A suicide robot will clean space debris in 2025


 Take a 100-kilogram piece of space junk and disintegrate it into the atmosphere. Easy? The ESA pilot project still under development, Clearspace-1, is aimed at a first ever task: cleaning up space debris. The mission will be launched in 2025 and aims to wipe out the thousands of objects in orbit, a pile of space waste that surrounds the Earth.

Even if it’s hard to believe, it’s possible that the largest garbage dump on Earth could be in space. In the last 60 years, thousands of tonnes of garbage have accumulated around the Earth. In low Earth orbit, up to about 2,000 kilometres of altitude, we can find a little bit of everything: more than 3,000 satellites no longer functioning and tens of millions of smaller pieces of debris (the estimate is about 750,000 smaller fragments). Each object moves at tens of thousands of kilometres per hour (they orbit the Earth at an average speed of 20,000 kilometres per hour). When two of these large pieces collide, they fragment into more space waste, turning into small, dangerous bullets that could seriously damage satellites and spacecrafts. So unless a clean-up operation is mounted, the chances of collisions will increase as more and more satellites are launched into orbit.

That is why the European Space Agency (ESA) has announced a plan to tackle this growing problem through the Clearspace-1 mission, in addition with a Swiss startup called Clearspace in partnership with ESA.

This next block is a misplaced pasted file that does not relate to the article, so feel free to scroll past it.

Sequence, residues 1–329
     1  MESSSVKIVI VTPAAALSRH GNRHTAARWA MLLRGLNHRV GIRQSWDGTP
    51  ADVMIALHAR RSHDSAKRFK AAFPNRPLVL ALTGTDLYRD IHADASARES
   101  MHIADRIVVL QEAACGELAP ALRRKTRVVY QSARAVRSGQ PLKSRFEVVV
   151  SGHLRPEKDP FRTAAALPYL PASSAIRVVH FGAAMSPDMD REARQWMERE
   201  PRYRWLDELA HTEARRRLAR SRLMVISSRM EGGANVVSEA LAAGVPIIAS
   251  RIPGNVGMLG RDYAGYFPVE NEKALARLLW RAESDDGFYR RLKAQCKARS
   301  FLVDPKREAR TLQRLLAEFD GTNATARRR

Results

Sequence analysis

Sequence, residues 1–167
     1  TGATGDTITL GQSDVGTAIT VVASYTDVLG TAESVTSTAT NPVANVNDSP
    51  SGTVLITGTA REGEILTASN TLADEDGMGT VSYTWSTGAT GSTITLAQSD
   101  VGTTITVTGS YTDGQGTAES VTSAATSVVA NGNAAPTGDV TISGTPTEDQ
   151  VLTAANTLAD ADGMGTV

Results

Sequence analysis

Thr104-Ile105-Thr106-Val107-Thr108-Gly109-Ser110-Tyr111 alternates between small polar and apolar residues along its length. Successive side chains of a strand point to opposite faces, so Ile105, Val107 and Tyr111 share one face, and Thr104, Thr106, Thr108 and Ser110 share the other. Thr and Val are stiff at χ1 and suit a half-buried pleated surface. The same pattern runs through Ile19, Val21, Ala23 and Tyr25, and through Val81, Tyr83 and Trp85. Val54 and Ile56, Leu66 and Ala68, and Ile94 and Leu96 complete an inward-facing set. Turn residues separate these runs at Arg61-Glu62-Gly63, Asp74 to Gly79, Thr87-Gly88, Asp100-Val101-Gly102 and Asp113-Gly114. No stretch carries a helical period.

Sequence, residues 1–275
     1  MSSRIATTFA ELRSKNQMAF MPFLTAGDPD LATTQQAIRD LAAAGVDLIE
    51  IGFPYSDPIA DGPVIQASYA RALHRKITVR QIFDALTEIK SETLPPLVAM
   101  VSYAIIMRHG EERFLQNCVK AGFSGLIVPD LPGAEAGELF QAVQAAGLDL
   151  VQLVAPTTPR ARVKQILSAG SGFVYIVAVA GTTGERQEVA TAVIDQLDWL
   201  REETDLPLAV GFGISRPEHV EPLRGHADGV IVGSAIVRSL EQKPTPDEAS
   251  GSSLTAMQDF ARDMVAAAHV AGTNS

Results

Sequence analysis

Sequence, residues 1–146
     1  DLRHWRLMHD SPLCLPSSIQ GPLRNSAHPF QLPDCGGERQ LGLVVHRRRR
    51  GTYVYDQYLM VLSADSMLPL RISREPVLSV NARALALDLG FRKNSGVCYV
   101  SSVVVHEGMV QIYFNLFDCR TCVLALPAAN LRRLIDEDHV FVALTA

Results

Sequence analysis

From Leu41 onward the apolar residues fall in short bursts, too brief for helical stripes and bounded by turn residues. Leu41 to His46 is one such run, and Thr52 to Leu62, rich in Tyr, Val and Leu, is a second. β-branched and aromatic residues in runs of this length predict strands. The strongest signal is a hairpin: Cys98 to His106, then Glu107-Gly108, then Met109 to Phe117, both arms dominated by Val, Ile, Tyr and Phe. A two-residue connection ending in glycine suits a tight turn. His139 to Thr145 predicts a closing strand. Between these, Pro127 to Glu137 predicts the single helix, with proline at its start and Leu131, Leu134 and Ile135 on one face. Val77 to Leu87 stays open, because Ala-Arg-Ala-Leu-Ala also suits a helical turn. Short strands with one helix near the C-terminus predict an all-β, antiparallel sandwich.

Getting to Vespa

The main target of Clearspace-1 will be a piece of waste called Vespa, which was left in orbit about 800 km above Earth by ESA launcher Vega in 2013. It’s the size of a small satellite and weighs 100 kilos. Due to its shape and its sturdy construction, it makes it a very suitable piece for spatial testing. It is a relatively light and easy to capture lens, and it is unlikely that when the spacecraft catches it, it will fragment. Vespa will be caught with four robotic arms that, once in its possession, it will drag the debris out of Earth’s orbit, so both the robot and the waste will end up burning in the atmosphere.

Since this is a suicide mission for the robot, ideally, if everything goes as planned,it will create a permanent cleaning robot that can eject space debris into the atmosphere without having to part with the ship itself during each cleaning operation. It’s not profitable, of course, however the objective is to prove if the concept works. 

The ultimate goal is to create a spacecraft that can be propelled and directed in low orbit with a "high level of autonomy,'' according to the startup that is in charge of designing the machine.

"The problem of space debris is more pressing than ever. In the coming years, the number of satellites will increase in magnitude, with multiple mega constellations of hundreds or even thousands of satellites planned for low Earth orbit," explains Luc Piguet, CEO of Clearspace.

Creating a network of waste collectors for these satellites involves many challenges. After all, powering a spaceship still costs a lot of money, and although scientists have been exploring cheaper options for many years, nothing has borne fruit yet. 

The Clearspace mission will cost €117 million.

Is there any competition? 

There is another Tokyo-based company called Astroscale that could overtake Clearspace. It plans to launch its first demonstrations in 2020, but whether it can be profitable or not is another matter. Other nations and agencies are investigating other methods of garbage disposal, including the deployment of small networks and the use of satellite-mounted lasers to launch fragments of space debris into the atmosphere. Looks like the space waste business is taking off. 

Reference: ESA.int


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